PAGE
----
Keratoplasty

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Keratoplasty

Cornea transplant also termed as keratoplasty, is a surgical procedure for replacing a part of your cornea with corneal tissue from a donor. This procedure is meant to restore vision, reduce your pain as well as improve the appearance of your cornea if it has been diseased or damaged.

The majority of cornea transplants are generally successful. But every cornea transplant carries with it a small risk of complications, such as rejection of the donor cornea.

The cornea is a very important organ, as it helps protects your eyes from germs, dust as well as other foreign particles. The cornea also permits light to enter your eyes.

Purpose

The purpose of keratoplasty or corneal transplant is to restore vision to people who suffer from a damaged cornea. The transplant may relieve pain or other signs and symptoms which are associated with diseases of the cornea.

This procedure can be considered for several reasons:

  • A cornea that bulges outward
  • Fuchs’ dystrophy
  • Thinning of the cornea
  • Clouding of the cornea
  • Swelling of the cornea
  • Cornea scarring, which can be caused by infection or injury
  • Complications caused by previous eye surgery
  • Corneal ulcers, including those that are caused by infection

Preparation

Before you undergo the procedure, you will need to go through the following:

A thorough eye exam

Your eye doctor will need to look for any conditions that might lead to any complications after surgery.

A review of medications and supplements that you take

It might be important to stop taking a few or all medications or supplements before your corneal transplant.

Measurements of your eye

Your doctor will need to determine the size of the donor cornea that you need.

Treatment for other eye problems

Sometimes, unrelated eye problems, such as infection or inflammation, might lessen your chances of having a successful transplant. Therefore, in such cases, your eye doctor can work to treat those problems before your surgery.

Your health providers will let you know what you should expect during the procedure and will also discuss all risks and complications.

Corneas used in keratoplasty generally come from deceased donors. However, unlike people who need livers or kidneys, people needing a cornea transplant doesn’t usually need to wait very long. This is because many people request specifically that their corneas should be available for donation after they die unless they have had certain conditions.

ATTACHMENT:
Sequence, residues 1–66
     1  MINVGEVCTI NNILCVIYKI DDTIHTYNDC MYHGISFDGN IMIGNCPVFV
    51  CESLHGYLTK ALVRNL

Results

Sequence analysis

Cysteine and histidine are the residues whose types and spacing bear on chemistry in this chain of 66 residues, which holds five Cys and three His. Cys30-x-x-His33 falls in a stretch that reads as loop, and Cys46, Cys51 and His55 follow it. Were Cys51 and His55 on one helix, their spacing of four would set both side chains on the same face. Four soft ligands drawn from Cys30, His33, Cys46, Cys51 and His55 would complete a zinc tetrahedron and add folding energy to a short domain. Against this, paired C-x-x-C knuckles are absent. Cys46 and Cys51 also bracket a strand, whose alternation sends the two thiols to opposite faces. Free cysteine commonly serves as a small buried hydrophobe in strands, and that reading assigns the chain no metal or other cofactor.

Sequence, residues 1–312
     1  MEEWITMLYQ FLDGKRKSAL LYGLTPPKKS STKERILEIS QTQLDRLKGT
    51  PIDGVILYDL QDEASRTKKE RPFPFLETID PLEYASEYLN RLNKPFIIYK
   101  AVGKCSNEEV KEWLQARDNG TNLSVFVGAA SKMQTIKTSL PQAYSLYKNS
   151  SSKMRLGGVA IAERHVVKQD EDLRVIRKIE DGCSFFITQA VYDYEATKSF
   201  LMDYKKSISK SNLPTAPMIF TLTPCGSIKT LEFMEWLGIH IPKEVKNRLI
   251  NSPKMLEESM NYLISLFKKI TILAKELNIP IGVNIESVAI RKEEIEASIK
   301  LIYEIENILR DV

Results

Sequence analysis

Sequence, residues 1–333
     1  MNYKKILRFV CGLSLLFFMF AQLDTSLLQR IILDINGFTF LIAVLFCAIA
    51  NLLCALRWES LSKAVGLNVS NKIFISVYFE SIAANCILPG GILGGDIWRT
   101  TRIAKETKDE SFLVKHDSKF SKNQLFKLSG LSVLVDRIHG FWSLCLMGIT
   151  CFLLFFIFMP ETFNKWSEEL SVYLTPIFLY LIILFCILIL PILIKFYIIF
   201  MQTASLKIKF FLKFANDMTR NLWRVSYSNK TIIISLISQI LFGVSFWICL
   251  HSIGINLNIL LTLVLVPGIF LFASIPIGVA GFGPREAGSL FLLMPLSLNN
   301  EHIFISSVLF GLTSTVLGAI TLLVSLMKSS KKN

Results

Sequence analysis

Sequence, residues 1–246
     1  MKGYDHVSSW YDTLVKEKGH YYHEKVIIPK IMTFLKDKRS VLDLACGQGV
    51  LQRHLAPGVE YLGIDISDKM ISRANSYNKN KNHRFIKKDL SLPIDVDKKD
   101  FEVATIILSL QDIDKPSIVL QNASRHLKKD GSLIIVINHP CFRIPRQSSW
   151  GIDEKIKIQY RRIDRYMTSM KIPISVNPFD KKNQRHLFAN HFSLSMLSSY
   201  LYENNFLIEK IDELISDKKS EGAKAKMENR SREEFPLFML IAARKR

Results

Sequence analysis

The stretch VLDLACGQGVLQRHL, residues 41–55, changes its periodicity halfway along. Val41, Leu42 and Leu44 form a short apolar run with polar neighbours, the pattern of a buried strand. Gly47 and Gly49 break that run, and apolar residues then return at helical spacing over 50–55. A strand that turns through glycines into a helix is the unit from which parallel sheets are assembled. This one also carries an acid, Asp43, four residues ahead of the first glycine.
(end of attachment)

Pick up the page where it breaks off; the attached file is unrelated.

If a donor has had several serious conditions such as certain central nervous system conditions, then his/her cornea may not be used. If the donor died from an unknown cause, in such a case, his/her cornea might not be used as well.

Procedure

On the day of your procedure, first, you will receive a sedative. It will help you to relax. You will also receive a local anesthetic to numb your eye and though you will not be asleep during the surgery, you will not feel any pain.

Penetrating keratoplasty is generally the most common type of cornea transplant. In this method, your surgeon will cut through the entire thickness of the abnormal or diseased cornea for removing a small button-sized disk of corneal tissue. He/she might use a small instrument to make this precise circular cut.

The donor cornea is then fit and placed in the opening. Your surgeon will then use an ultra-fine thread which will remain in place till your eye is completely healed.

This procedure generally takes one to two hours. You will spend an additional one or two hours in the recovery room.

After the procedure

Once the surgery is complete, you might receive several medications. This can include eye drops and sometimes oral medications which can help you control infection, swelling and pain.

You will receive an eye patch as well, as it can help protect your eye during the healing process after the surgery. Take all necessary precautions to protect your eye from any injury. Some extra precautions might be required for the rest of your life.

Return to your doctor for frequent follow-up exams, so that your doctor can look and examine if there have been any complications.

People who undergo this procedure can generally have their vision at least restored partially. What you expect after this procedure, generally depends on your surgery and your health.
Your risk of complications and cornea rejection can continue for years after the transplant. This is why you should consider seeing your doctor at least once every year.
It is also noteworthy that your vision will likely be worse than before your surgery, as your eye adjusts to the new cornea. Please note that for your vision to improve, it may take several months.

Risks

Generally, cornea transplant is quite safe, though it carries a small risk of a few complications, which include:

  • Eye infection
  • Increased risk of clouding of the eye’s lens, also termed as cataract
  • Pressure increase within the eyeball, also known as glaucoma
  • Problems with the stitches used to secure the donor cornea
  • Swelling of the cornea
  • Rejection of the donor cornea

 

Sometimes, your body’s immune system can attack the donor cornea mistakenly, which is known as rejection. This can require medical treatment or in some cases, another cornea transplant.

Signs of symptoms of rejection include:

  • Redness
  • Sensitivity to light
  • Loss of vision
  • Pain

 

Rejection generally occurs in around 10 percent of all cornea transplants.

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